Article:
What is in this article?:
- Prospects improving for meaningful steps toward immigration reform
- Long-term, short-term solutions
• “After 10 years of waiting for comprehensive immigration reform, congressional lawmakers are starting to ask: ‘Can we fix some pieces of this now, rather than waiting for a complete remodel?’" — Tamar Jacoby, president and CEO of Immigration Works USA.
JUSTIN BROOKS, from left, Mississippi Farm Bureau Federation, Jackson; Dave Sites, Mississippi State University agricultural economics research associate; and DeWitt Caillavet, MSU agricultural economist, were among those attending the annual meeting of the Mississippi Agricultural Economics Association.
Agricultural sectors that “had been in a blood feud for more than a decade” over immigrant labor issues have, within the last year, realized that “they needed to get on the same page — that if they didn’t hang together, they would hang separately,” says Tamar Jacoby.
The government’s E-Verify program for employers to check on applicant identity and work authorization — which Republican immigration hawks in the House wanted to make mandatory for all American employers — helped to coalesce various agriculture sectors and organizations toward a unified approach, she said at the annual meeting of the Mississippi Agricultural Economics Association at Mississippi State University.
Jacoby is president and CEO of Immigration Works USA, a national federation of 5,000 employers, including growers, working with agriculture advocates in Washington, including the American Farm Bureau Federation, to advance better immigration law.
She says “the looming threat” of E-Verify “concentrated a lot of minds really fast.”
With the GOP immigration hawks pushing for mandatory adoption for all employers, “Other Republicans started hearing from labor-intensive agriculture interests in their districts who were saying: ‘We’ve tried to hire Americans, and we can’t. Unauthorized immigrants are half our work force, and we have massive turnover. Bottom line — if you do this, you’ll shut down labor-intensive agriculture in America. If you do this, we’re out of business, and a lot of this business will end up somewhere outside the U.S.”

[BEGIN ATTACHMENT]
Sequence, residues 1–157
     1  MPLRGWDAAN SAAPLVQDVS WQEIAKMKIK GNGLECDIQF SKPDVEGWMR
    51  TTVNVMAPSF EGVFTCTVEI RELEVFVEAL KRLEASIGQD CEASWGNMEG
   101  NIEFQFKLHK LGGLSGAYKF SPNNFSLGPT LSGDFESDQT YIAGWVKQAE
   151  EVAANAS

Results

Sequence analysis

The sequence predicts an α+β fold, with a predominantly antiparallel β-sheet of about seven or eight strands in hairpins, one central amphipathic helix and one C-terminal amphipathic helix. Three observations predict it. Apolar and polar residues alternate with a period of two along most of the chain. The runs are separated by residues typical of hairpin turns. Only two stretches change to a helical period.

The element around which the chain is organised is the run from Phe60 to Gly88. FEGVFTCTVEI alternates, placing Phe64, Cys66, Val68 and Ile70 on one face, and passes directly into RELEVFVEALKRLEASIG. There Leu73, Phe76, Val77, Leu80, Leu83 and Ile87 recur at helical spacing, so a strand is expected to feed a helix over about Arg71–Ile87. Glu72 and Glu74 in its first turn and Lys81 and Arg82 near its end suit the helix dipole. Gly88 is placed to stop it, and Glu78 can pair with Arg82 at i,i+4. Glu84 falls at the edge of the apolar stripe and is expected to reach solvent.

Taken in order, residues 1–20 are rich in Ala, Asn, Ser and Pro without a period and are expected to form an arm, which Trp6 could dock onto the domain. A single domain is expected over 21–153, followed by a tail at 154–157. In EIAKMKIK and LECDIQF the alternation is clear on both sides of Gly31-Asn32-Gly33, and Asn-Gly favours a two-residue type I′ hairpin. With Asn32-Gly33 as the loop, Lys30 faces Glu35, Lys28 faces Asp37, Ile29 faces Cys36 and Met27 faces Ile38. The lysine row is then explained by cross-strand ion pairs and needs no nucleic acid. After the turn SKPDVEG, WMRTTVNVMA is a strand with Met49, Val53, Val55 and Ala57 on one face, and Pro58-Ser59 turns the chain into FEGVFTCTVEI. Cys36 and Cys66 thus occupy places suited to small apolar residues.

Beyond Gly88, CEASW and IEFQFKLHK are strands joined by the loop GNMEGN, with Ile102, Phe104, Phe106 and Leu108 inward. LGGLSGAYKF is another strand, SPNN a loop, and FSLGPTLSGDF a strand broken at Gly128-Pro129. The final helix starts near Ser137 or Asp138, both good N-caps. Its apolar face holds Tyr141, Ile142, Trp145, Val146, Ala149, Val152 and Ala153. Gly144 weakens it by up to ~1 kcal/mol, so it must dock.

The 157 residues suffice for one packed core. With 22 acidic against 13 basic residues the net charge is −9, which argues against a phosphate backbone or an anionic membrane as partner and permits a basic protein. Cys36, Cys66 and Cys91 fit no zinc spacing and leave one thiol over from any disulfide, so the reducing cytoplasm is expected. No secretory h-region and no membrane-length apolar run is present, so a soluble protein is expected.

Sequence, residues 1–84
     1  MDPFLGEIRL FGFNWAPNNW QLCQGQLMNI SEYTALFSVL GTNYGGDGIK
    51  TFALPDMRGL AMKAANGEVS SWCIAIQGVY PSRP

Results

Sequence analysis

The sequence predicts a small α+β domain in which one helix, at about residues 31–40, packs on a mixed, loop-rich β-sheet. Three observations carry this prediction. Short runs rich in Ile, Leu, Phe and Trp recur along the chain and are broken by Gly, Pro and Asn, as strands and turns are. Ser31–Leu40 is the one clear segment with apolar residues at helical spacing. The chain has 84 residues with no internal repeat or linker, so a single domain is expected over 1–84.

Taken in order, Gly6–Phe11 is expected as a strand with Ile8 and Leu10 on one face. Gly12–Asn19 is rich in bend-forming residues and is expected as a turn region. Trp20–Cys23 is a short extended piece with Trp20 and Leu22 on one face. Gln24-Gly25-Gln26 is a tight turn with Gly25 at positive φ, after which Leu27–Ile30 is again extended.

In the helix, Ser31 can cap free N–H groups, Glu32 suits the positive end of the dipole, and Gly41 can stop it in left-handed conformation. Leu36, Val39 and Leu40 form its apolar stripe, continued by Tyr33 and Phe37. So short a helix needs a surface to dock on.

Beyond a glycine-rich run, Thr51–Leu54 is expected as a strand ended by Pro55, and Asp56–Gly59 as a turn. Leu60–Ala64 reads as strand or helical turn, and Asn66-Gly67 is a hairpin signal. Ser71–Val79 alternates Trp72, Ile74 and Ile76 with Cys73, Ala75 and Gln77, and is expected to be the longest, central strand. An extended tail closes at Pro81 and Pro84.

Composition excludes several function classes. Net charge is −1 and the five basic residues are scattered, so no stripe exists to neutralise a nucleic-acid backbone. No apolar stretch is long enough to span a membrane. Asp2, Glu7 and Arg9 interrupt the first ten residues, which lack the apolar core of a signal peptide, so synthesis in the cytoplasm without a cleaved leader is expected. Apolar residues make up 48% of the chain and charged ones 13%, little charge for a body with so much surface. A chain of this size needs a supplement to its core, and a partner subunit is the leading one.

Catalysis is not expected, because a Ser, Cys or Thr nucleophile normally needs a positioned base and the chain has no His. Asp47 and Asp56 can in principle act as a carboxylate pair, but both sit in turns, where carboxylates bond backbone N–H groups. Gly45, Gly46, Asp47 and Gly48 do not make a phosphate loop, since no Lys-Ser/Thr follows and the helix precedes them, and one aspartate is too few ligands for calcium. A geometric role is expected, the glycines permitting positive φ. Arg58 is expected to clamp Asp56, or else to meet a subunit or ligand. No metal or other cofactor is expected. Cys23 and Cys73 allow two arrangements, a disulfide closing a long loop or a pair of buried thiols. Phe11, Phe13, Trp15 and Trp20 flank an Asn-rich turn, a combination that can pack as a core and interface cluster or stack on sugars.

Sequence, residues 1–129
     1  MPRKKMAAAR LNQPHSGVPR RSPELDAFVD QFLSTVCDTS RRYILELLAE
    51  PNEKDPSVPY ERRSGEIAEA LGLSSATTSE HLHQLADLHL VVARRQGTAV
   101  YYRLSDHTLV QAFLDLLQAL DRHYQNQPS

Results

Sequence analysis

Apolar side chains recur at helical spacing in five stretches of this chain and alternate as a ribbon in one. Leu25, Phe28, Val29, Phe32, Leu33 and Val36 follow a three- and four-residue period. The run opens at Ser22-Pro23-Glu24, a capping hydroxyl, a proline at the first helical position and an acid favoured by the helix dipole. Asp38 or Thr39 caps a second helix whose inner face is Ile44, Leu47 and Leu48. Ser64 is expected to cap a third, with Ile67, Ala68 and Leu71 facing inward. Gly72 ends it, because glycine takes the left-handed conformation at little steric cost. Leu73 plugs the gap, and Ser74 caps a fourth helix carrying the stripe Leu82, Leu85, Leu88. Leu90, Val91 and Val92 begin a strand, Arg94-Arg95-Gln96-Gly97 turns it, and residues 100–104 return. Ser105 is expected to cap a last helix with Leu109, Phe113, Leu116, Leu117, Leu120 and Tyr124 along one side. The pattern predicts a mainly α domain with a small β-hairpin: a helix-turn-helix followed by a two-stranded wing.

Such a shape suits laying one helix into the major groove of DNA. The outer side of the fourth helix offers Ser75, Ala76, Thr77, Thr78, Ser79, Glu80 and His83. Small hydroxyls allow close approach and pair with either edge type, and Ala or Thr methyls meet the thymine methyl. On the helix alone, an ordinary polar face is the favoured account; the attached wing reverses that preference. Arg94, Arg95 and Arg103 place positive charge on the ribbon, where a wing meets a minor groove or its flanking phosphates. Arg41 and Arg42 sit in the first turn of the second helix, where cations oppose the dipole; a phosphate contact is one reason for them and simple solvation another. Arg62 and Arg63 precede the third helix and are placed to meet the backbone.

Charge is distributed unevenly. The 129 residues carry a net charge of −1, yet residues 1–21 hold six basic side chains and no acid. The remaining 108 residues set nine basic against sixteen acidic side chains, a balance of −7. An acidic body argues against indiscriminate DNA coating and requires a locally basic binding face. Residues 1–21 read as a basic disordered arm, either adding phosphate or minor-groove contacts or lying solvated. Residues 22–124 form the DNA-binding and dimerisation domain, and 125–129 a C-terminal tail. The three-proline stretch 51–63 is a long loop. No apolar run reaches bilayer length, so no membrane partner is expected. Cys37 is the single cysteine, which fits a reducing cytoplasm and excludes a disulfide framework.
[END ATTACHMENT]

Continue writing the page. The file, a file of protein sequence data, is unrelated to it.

The looming threat of E-Verify also concentrated a lot of grower minds, Jacoby says, and “ag factions that had been in a blood feud for more than a decade were suddenly realizing that needed to get on same page.
“There were a lot of meetings, a lot of shouting, a lot of negotiations, with the upshot that the American Farm Bureau Federation has just completed a 9-month process of developing a unity plan. The hope is that unity within the 3-million member Farm Bureau organization will generate unity among the other ag groups, and intense negotiations are now under way.”
Meanwhile, she says, “After 10 years of waiting for comprehensive immigration reform, congressional lawmakers are starting to ask: ‘Can we fix some pieces of this now, rather than waiting for a complete remodel?’
“Interestingly, a lot of these are Republicans, who have been resisting any movement on immigration since George W. Bush was president. There are still things they don’t like about reform — but they’re starting to realize that, for business and other reasons, it might be a good thing to do. And there’s also an eagerness (by Republicans) to take back the lead on the immigration issue.”
Bottom line, Jacoby says: “In Washington there’s a whole new landscape. There’s a potential opening in Congress for unity, or at least a broader consensus among ag advocates. I don’t want to be too hopeful, but after being stuck in a frozen system for more than a decade, watching it begin to thaw is exciting.”
While the American Farm Bureau Federation proposal “is still under wraps,” she says, “most of the people who’re thinking about this agree that, for a workable unity plan, there are some key elements that are needed.